• The Berretta rep at the NRA convention mentioned that they would be releasing it in other calibers as well if there was a demand. It will initially it will be 5.56 and .300 AAC. 7.62×39 was a caliber he mentioned. Wile the .300 AAC would only require a barrel change (takes seconds with the ARX-100) other calibers would also require a bolt change. This takes only a few minutes longer.

  • what mag does it use? std AK mags?

    • Bill

      yes, because it is still pretty much the only viable, mass produced, magazine that effectively holds the 7.62×39 cartridge.

      • FourString

        don’t forget that magpul’s coming out with a 7.62x39mm mag! whoo! (course they probably aren’t out yet? eh?)

  • Esh325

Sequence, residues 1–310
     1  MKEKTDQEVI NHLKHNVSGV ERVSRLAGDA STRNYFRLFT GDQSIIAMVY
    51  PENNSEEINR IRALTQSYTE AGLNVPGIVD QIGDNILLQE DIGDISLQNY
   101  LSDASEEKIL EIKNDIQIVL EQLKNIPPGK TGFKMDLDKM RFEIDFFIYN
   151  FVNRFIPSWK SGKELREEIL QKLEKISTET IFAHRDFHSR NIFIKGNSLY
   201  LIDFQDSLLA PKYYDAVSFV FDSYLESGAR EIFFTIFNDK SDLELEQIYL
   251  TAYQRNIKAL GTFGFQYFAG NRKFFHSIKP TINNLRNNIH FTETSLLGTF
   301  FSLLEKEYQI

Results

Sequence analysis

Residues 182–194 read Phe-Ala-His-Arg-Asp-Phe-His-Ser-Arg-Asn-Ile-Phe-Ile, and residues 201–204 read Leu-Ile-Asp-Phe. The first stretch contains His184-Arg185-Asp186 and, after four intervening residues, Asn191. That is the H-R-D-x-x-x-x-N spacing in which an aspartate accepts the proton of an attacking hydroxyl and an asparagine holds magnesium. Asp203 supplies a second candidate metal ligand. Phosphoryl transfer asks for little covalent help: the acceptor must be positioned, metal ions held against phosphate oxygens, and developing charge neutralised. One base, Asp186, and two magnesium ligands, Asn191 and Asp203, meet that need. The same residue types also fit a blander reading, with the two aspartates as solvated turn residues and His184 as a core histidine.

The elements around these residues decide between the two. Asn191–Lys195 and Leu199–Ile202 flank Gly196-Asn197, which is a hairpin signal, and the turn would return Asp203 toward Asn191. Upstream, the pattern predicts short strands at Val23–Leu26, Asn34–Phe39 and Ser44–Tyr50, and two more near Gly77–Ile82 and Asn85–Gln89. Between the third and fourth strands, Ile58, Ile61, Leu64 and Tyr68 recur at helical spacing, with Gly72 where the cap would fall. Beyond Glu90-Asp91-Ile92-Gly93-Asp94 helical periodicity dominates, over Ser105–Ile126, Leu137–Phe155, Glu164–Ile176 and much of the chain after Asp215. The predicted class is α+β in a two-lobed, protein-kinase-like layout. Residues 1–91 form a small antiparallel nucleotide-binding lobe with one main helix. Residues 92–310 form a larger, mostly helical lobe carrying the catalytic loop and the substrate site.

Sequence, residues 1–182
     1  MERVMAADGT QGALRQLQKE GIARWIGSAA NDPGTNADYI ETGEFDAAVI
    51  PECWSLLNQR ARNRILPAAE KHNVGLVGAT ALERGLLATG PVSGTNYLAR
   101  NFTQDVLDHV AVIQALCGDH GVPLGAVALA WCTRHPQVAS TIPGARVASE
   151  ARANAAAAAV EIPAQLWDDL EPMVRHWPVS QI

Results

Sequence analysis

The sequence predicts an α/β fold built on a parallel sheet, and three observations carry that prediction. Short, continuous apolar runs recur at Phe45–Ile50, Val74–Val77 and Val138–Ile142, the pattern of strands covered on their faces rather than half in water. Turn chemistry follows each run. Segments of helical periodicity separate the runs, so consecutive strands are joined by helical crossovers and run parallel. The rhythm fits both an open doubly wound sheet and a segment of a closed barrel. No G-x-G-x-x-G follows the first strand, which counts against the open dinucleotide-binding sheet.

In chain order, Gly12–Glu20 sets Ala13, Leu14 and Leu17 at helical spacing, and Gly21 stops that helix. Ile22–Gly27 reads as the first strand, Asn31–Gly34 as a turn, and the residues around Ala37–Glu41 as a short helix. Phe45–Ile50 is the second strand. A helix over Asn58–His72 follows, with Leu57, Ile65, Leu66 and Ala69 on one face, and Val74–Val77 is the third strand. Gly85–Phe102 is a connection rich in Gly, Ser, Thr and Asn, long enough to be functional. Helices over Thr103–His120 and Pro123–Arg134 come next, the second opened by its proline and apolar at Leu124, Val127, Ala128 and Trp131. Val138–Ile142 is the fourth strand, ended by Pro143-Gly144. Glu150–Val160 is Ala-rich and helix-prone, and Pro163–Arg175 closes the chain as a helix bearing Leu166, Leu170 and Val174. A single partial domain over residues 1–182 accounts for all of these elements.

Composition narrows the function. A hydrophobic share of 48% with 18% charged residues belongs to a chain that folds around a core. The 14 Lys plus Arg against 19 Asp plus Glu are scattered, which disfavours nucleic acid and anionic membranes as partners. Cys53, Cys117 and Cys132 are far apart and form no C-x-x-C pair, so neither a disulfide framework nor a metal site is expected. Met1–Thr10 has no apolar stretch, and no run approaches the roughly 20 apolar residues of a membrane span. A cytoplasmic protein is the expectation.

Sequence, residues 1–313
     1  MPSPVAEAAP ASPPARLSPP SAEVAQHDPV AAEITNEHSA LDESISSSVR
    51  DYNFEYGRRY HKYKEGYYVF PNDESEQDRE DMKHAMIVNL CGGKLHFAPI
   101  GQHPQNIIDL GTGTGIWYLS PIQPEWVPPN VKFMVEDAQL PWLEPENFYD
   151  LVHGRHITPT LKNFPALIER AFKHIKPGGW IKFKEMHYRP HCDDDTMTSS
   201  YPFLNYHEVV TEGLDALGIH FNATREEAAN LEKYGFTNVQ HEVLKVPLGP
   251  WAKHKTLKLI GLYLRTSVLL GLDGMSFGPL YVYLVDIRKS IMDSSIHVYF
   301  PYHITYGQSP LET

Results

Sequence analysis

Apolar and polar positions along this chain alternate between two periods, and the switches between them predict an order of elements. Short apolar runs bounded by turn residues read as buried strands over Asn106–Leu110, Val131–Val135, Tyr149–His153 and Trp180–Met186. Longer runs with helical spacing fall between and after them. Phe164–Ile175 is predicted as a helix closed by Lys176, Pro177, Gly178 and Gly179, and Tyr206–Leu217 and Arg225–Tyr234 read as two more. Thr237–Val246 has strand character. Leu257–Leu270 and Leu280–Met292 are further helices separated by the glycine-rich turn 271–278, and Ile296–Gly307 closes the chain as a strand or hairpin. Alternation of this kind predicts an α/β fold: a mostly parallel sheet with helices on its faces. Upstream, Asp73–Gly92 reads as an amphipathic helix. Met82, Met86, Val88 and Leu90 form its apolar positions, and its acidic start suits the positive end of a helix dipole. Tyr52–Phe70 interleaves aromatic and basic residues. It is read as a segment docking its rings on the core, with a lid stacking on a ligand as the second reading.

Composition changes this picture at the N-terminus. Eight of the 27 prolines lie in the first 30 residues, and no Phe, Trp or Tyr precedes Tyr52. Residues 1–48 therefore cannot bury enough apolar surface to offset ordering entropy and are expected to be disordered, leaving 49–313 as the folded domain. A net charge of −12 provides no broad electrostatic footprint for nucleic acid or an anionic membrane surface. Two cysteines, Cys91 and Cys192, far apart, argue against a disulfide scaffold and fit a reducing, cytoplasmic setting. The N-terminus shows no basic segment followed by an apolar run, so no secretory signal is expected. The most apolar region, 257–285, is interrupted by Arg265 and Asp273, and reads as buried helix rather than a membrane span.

Interesting. I thought they would have had it in 5.45×39 instead, but I guess their army has large stocks of 7.62×39 ammo. Either they are using 7.62×39 because they have large stocks of ammo, or because they personally chose a 7.62×39.

    • snmp

      That’s more price for licence of production for the 5.45×39 & AK74M/AK100 when you have for free the licence of production of AKM & 7.62×39.

      • Esh325

        What do you mean? Kazahkstan has never made their rifles, all their rifles were made by Russia under the USSR.

        • snmp

          that’s about the ammunition

          • Theri0n

            Not only. AK-74M, RPK-74M, NSV Utes guns are the main production.

        • Theri0n

          Actually Kazakhstan has got its own firearms and ammo factory producing AK-74M, RPK-74, 12.5mm Utes machine gun and variety of former Warshava pact ammo.

          • Esh325

            What’s the factory called?

          • Theri0n

            I do not remember the exact name, but you can find it if you search for the reasons why russians decided to produce new 12.5mm gun Kord in Kovrov.

  • Twinkie

    Shameful that Kazakhstan has a more advanced rifle than the US.

    • Bill